-->By Jesse Halsey
Back to my whalers—and the fireside. Capt’n Guss (Halsey) would come and spend the day. He and my Uncle Will (a real uncle—Father’s brother) were my favorites. (When I was seven Uncle Will drowned before my eyesone day when we were clamming—I was too young to understand what was happening but not too little to help had I only known.) Well, Cap’t Guss would come from Watermill two miles away, and once or twice a year father would go and spend the day with Cap’t Guss (and take me with him). Most Cap’ns’ who came would pat me on the head and straightway forget (I caught on to what they were saying to themselves-“poor child, with no mother”). But Captain Guss thought it worthwhile to talk to a boy. So did Uncle Will who lived across the street. He and father had married sisters. I’d go across the street after our early farm breakfast, in time for theirs. My aunt would try to send me home, but I can hear Uncle Will now . . . “Feed him . . . feed him.” Between Uncle Will and Aunt Libbie I was well supplied.
Captain Guss had a story about how a half dozen whalers were caught for weeks in the doldrums of some harbor on the west African coast. At last a breeze stirred and all made sail trying to be first out. Capt. Jerry Jennings neared the narrow opening and started to tack. One of his crew—an Indian—failed to loosen a line and the Captain boomed out so all the harbor heard—“Let go that clew line, you damned painted angel.” That Indian always thereafter went by that nickname, “Painted Angel.”
In our village only two men are now living who have made whaling voyages; when I was a boy every other man in the town was a Captain. Capt. Jethur Rose and his wife used to come to dinner occasionally. (Most people in the town were somewhat related.) I heard him tell father one day that when he first started out on a new voyage that he was always seasick for a few days. That gave me courage when in after years I went to sea. Always sick and very sick, I thought of Capt. Jethur and would keep at my task if and when I had one.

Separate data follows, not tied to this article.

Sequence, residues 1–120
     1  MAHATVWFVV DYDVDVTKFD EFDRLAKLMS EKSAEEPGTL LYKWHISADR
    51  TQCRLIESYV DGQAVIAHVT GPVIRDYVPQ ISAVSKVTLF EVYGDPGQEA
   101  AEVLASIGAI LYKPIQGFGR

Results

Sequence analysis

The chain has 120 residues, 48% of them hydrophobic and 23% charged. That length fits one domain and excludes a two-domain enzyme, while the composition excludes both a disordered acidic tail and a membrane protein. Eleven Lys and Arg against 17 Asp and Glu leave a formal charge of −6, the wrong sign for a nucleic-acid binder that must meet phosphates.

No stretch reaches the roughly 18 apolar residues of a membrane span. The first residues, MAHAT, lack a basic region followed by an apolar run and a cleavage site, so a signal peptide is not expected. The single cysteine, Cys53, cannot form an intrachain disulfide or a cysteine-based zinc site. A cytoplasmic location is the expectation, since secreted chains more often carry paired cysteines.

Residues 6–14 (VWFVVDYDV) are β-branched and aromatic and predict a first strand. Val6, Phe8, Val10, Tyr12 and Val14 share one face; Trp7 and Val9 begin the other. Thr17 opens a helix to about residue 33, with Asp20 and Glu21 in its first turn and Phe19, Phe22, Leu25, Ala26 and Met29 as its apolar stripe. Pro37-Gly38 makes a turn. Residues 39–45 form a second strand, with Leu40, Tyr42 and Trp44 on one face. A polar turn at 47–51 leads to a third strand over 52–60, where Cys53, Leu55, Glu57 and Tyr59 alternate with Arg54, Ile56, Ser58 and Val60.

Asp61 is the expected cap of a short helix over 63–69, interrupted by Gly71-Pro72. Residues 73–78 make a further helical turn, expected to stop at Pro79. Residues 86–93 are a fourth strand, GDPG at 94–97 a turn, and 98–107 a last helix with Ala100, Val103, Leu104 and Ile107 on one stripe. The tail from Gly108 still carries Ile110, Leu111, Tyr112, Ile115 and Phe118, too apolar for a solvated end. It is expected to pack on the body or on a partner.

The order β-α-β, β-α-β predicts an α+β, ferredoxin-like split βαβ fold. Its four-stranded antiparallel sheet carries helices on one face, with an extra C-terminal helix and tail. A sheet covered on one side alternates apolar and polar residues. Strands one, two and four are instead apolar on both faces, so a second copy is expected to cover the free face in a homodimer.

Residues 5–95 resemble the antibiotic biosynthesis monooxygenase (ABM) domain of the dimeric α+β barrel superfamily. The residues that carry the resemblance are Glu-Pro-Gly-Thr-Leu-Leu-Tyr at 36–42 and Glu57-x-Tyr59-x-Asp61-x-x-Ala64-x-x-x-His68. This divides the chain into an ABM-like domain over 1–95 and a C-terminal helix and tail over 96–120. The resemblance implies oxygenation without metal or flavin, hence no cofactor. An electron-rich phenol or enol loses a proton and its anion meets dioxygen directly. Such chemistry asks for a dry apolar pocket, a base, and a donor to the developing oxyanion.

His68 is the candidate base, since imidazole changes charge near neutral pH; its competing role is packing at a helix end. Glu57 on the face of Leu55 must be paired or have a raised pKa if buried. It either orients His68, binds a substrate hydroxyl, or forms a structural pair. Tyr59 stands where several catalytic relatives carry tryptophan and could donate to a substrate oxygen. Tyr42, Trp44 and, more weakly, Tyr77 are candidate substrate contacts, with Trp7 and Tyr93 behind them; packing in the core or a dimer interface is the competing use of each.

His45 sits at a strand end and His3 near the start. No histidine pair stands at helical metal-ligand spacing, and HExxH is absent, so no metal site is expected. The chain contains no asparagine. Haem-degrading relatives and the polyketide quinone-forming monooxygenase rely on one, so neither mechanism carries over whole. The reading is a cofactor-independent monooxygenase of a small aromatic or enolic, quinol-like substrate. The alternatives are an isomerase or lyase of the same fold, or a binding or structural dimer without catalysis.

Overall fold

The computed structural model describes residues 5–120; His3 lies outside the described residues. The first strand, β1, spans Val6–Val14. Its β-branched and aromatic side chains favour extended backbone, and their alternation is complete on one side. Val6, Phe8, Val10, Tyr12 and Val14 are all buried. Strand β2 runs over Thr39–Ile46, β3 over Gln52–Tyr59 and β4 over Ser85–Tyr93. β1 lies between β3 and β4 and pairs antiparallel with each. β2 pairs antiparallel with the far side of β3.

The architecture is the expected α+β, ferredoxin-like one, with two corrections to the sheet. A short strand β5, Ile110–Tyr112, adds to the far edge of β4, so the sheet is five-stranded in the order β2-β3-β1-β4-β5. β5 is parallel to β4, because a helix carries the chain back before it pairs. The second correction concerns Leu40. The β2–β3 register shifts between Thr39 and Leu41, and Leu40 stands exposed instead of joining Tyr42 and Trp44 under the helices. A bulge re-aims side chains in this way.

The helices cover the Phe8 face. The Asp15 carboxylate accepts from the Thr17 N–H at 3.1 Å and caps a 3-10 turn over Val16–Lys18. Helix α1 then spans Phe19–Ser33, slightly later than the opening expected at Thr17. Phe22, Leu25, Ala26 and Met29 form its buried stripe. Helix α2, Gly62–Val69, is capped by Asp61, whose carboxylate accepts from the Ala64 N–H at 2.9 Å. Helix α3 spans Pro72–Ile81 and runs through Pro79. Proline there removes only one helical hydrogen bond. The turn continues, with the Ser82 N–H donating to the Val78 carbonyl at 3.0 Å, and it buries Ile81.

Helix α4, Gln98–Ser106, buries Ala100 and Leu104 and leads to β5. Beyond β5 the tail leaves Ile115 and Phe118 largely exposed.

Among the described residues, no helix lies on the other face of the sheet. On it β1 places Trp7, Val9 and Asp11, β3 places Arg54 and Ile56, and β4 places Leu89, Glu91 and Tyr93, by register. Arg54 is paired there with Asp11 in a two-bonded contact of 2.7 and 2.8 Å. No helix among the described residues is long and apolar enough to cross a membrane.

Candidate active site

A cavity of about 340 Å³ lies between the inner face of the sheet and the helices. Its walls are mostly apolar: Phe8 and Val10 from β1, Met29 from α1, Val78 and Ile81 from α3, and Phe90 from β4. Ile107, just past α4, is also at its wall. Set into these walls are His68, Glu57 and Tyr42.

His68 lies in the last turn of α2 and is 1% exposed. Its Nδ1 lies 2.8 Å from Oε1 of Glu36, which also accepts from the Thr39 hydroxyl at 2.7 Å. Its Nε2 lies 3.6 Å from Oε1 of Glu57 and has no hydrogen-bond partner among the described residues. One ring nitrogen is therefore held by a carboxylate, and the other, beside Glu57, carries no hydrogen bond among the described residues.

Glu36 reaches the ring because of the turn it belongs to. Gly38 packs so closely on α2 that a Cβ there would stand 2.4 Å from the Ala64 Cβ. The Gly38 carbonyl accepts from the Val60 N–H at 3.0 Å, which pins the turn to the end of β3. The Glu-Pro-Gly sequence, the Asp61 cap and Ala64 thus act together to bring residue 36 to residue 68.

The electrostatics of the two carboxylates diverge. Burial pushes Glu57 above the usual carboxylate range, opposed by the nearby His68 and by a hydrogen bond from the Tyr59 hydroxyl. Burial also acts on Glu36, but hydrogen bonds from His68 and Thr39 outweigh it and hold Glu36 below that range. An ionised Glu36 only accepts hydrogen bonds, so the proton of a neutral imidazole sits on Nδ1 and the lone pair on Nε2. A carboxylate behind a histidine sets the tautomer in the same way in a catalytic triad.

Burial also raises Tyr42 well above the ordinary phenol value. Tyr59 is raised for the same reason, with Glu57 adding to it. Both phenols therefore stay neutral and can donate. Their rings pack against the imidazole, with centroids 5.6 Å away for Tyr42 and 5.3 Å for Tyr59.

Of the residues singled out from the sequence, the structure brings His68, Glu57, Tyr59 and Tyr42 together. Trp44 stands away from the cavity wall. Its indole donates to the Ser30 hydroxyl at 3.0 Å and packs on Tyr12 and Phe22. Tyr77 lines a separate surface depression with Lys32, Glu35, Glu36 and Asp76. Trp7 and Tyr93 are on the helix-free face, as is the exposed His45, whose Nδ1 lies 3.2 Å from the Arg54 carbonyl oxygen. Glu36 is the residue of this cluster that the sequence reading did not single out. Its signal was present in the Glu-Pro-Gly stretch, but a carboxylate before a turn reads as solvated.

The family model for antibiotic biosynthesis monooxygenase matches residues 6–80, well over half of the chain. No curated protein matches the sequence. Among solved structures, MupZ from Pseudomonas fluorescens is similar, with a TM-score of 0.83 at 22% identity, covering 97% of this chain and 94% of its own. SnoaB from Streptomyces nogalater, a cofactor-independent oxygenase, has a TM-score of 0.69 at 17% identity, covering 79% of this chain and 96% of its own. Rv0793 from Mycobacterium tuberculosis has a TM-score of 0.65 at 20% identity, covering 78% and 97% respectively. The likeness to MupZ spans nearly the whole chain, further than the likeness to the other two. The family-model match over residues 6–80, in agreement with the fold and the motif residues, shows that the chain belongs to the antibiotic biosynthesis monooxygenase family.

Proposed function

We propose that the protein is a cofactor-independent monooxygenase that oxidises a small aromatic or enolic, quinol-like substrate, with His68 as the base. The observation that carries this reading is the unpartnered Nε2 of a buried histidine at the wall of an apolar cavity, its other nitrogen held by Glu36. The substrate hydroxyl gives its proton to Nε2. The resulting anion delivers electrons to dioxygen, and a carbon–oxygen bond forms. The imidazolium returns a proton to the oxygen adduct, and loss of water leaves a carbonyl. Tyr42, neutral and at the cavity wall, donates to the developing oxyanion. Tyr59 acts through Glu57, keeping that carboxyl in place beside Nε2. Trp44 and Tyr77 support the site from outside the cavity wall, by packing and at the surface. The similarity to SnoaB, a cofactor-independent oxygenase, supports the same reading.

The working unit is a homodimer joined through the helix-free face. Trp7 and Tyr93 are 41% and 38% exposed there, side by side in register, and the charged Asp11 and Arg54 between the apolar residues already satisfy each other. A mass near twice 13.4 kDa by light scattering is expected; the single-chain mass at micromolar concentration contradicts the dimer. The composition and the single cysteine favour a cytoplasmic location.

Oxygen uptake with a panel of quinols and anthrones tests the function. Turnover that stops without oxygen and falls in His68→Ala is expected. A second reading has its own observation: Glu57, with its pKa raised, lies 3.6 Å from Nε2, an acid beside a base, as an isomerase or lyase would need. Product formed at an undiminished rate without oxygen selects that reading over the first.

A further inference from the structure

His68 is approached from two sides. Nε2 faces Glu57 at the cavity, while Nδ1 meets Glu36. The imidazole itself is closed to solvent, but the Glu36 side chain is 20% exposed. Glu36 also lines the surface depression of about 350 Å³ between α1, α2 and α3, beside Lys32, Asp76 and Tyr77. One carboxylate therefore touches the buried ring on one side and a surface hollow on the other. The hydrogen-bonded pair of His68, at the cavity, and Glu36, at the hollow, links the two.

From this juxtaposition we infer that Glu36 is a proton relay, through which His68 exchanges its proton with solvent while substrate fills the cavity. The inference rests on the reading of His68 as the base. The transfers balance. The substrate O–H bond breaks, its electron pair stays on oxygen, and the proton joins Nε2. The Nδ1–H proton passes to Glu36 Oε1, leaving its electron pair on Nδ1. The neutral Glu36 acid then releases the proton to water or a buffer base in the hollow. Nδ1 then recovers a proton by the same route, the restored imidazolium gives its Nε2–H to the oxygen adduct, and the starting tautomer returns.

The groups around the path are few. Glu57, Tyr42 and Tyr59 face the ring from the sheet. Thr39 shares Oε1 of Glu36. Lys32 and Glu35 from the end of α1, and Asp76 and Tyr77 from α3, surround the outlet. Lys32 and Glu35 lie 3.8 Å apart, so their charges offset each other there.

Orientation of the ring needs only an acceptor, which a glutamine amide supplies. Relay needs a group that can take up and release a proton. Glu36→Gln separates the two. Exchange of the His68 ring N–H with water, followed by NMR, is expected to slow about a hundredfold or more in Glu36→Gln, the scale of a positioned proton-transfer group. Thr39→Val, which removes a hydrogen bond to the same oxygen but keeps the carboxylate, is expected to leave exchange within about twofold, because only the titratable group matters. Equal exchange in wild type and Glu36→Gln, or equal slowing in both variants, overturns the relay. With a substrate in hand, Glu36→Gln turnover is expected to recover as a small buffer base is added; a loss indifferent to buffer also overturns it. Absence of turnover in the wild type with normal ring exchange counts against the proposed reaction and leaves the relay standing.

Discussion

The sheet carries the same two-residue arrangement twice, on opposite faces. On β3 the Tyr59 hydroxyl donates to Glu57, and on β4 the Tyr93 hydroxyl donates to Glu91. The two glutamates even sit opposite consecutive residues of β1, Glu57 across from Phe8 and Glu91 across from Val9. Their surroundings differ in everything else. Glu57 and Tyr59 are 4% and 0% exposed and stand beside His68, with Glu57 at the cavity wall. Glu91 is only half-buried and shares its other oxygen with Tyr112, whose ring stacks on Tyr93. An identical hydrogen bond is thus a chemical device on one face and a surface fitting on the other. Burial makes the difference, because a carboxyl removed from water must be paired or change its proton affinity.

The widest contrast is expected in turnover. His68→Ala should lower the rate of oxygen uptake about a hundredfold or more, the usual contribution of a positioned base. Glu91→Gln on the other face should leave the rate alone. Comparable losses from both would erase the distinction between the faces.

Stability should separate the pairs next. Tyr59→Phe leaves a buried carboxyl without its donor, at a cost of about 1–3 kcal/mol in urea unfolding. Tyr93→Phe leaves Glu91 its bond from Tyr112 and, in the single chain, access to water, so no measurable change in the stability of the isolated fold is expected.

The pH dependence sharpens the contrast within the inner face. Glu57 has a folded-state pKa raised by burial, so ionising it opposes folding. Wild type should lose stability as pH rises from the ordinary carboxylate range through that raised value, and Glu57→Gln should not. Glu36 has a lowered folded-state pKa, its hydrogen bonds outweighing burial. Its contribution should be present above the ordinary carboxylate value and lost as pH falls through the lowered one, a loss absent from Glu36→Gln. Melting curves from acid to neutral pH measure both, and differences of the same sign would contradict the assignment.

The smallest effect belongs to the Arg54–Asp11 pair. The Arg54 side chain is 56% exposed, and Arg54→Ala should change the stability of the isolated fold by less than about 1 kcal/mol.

On the first trip I made to Europe, among my steamer letters marked “first day out” was a package “From Cap’n Hugh (White).” I opened it. The inside box was inscribed—“Sure cure for sea sickness.” I was sick—very sick. With difficulty I opened the box. It was a half dozen pieces of salt pork the size of a quarter, strung on a stout string and with directions “Swallow while you hold the string, regurgitate) (those old fellows, many of them knew the dictionary, the Bible, by heart) “regurgitate and try again until cured.” Disgusted, I threw the contraption out the porthole, but in the box I found a note—a real cure. “Get some soda crackers, eat all you can, when they come up, eat some more and so on—the only cure.” And I have found it works, time on end.